When XX and YY are jointly Gaussian distributed, we know that the remainder YE(YX)Y - E(Y|X) of the conditional expectation is independent from X.X. So, we can decompose YY into two components Y=(YE(YX))+E(YX),Y = (Y - E(Y|X)) + E(Y|X), the first being a Gaussian variable independent from XX and the second being XX-measurable. This clarifies the nature of the conditional distribution of YY on X=xX = x: it will have constant variance equal to the variance of YE(YX)Y - E(Y|X) and mean equal to E(YX),E(Y|X), a linear function of X.X. In particular, if we want to sample the conditional distribution of YY given X=x,X = x, we could take Y+E(YX=x)E(YX)=Y+E(YX=xX),Y + E(Y|X = x) - E(Y|X) = Y + E(Y|X = x - X), where the apparently nonsensical conditional expectation on the RHS should be interpreted as the evaluation of the conditional expectation E(YX),E(Y|X), viewed as a function of X,X, at xX.x - X. Keep in mind that this is a very special property of Gaussian distributions; in general, the distribution of the remainder YE(YX)Y - E(Y|X) conditional on XX will depend on X,X, and so we won't be able to sample the conditional distribution under another "counterfactual" value X=xX = x simply by translating a sample of the remainder.

Now, consider a random function ff drawn from a Gaussian distribution F\Fc and let Π\Pi give the values of our trajectory on a finite set of inputs. If we want to produce a sample from the distribution of ff conditional on some data Π=π,\Pi = \pi, we can take fE(fΠ=πΠ).f - E(f | \Pi = \pi - \Pi). But, as it turns out, the conditional expectation E(fΠ=π)E(f|\Pi = \pi^*) will be exactly the function ff in the RKHS of our process that solves the constraint Π=π\Pi = \pi^* regularized by the RKHS norm! This explains the Bayesian interpretation of our toy model.

One way to understand this is just to write out the expression for E(f(t)Π)E(f(t)|\Pi) at a given value of t.t. We know that this will be the linear function λΠ\lambda \Pi of Π\Pi uniquely determined by the equation Cov(f(t)λΠ,Π)=0.\Cov(f(t) - \lambda \Pi, \Pi) = 0. Where K=[K(ti,tj)]K = [K(t_i, t_j)] is the covariance matrix of Π\Pi and v=[Cov(f(t),f(ti))]v = [\Cov(f(t), f(t_i))] gives the covariance of f(t)f(t) with the components f(ti)f(t_i) of Π,\Pi, this equation can be written as vλK=0,v - \lambda K = 0, and E(f(t)Π)=vK1Π.E(f(t) | \Pi) = v K^{-1} \Pi. We conclude that the function tE(f(t)Π)t \mapsto E(f(t)|\Pi) is a linear combination of the functions K(t,ti)K(t, t_i)—the coordinates of the vector vv—with constant coefficients, determined by the constraints that E(f(t)Π)E(f(t)|\Pi) should agree with Π\Pi at the points t=ti.t = t_i. But, as we saw above, this is the same as the solution to the problem of interpolating some constraints f(ti)=yif(t_i) = y_i regularized by the RKHS norm of our process.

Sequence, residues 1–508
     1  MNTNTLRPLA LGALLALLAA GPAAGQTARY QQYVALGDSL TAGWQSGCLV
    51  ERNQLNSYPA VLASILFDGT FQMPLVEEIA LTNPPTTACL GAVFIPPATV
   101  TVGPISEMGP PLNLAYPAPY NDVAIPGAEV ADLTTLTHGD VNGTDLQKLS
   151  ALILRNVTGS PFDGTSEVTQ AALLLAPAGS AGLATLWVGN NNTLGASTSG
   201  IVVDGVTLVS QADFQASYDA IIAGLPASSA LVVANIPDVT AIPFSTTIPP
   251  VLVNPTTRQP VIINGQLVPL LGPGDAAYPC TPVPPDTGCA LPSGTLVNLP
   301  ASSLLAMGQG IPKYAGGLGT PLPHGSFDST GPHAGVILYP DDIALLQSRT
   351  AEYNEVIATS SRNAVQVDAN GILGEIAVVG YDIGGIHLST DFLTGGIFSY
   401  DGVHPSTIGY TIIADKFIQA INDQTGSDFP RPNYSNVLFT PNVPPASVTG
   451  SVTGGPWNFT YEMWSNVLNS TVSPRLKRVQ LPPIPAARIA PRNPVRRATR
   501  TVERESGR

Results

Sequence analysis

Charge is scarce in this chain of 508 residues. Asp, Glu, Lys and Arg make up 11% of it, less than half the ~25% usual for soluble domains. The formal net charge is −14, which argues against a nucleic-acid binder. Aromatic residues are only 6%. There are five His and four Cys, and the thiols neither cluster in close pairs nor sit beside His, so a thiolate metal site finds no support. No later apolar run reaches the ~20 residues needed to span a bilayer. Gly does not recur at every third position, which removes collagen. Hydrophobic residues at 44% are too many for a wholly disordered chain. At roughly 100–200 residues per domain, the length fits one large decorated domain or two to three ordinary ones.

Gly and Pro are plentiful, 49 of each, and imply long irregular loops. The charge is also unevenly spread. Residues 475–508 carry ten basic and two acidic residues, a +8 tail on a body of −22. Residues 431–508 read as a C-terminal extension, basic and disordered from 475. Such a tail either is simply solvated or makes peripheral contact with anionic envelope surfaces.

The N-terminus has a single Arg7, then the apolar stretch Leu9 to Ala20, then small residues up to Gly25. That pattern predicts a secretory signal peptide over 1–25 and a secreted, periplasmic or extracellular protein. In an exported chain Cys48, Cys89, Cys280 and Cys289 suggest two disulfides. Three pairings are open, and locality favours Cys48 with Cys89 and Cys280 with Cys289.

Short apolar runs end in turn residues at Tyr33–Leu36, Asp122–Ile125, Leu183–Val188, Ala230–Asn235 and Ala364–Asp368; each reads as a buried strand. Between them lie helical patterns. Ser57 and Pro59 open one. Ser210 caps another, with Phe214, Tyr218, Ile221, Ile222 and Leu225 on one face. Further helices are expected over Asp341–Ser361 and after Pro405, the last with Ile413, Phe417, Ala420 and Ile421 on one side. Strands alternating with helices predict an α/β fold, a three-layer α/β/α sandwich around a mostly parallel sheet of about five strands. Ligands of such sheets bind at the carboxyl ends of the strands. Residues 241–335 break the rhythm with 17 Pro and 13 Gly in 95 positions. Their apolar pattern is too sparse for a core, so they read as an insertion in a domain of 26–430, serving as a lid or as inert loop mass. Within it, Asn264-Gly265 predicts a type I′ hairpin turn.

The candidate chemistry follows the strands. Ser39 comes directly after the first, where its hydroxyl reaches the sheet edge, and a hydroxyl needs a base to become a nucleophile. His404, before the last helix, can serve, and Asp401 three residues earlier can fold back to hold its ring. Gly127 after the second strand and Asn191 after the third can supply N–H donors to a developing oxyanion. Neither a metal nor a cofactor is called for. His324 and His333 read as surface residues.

To see this connection more directly, remember that the mean of a Gaussian distribution coincides with the mode—the point of highest probability density under linear coordinates. So, for example, E(f(t)Π=π)E(f(t)|\Pi = \pi^*) is exactly the value of f(t)f(t) that minimizes ln(p(f(t),π))=C+12[f(t)  π(1)    π(m)]K1[f(t)π(1)π(m)]]\ln(p(f(t), \pi^*)) = C + -\frac{1}{2} [f(t) \; \pi^*(1) \; \dots \; \pi^*(m)] K^{-1} \begin{bmatrix} f(t) \\ \pi^*(1) \\ \vdots \\ \pi^*(m)] \end{bmatrix} where K1K^{-1} is the inverse of the covariance matrix for (f(t),Π).(f(t), \Pi). But from the previous section we know that K1K^{-1} expresses the inner product of the RKHS derived from the covariance kernel of (f(t),Π)(f(t), \Pi) in the dual basis for the projections. So in fact we are asking for the value of (f(t),Π)(f(t), \Pi) that satisfies the constraint Π=π\Pi = \pi^* and is regularized by the RKHS norm corresponding to a restriction of the covariance kernel of our process, which by the representer theorem will be a linear combination of restrictions of functions K(,t).K(-, t).

Abstractly, whenever we have a positive definite kernel K ⁣:I×IRK \colon I \times I \to \R with RKHS HH and a finite subset JI,J \subseteq I, we get a natural projection P ⁣:HHJP \colon H \to H_J onto the RKHS for the kernel restricted to J×JJ \times J given by P(v)=jπj(v)Kj.P(v) = \sum_j \pi_j(v) K_j. Given a vector vH,v \in H, what is the norm of P(v)P(v) in HJH_J? Since PP is an isometry over the span of the elements Kj,K_j, we can view P(v)HJ\lVert P(v) \rVert_{H_J} as the minimum possible norm for an element wHw \in H solving the equation P(w)=P(v).P(w) = P(v). In particular, solving a regularized problem over HH that depends on projections πj\pi_j for jJj \in J and then restricting the solution to HJH_J is the same as restricting to HJH_J and solving the regularized problem with respect to the norm on HJ.H_J.

As a final remark, note that we can informally imagine the RKHS of a Gaussian process as specifying the "energy" of the process in a statistical mechanics sense; although the norm of the RKHS is not defined over the same function space that the process takes values, we get the energy for the joint distribution of any finite projection (f(t1),,f(tm))(f(t_1), \dots, f(t_m)) as a function of (y1,,ym)(y_1, \dots, y_m) by solving minimizefHsubject tof(ti)=yi.\begin{align*} \textbf{minimize} & \quad \lVert f \rVert_H \\ \textbf{subject to} & \quad f(t_i) = y_i. \end{align*} This is the most satisfactory way that I've found to connect the interpretation of kernel functions in terms of regularization with their interpretation in terms of conditional expectations of a Gaussian process.

← cgad.ski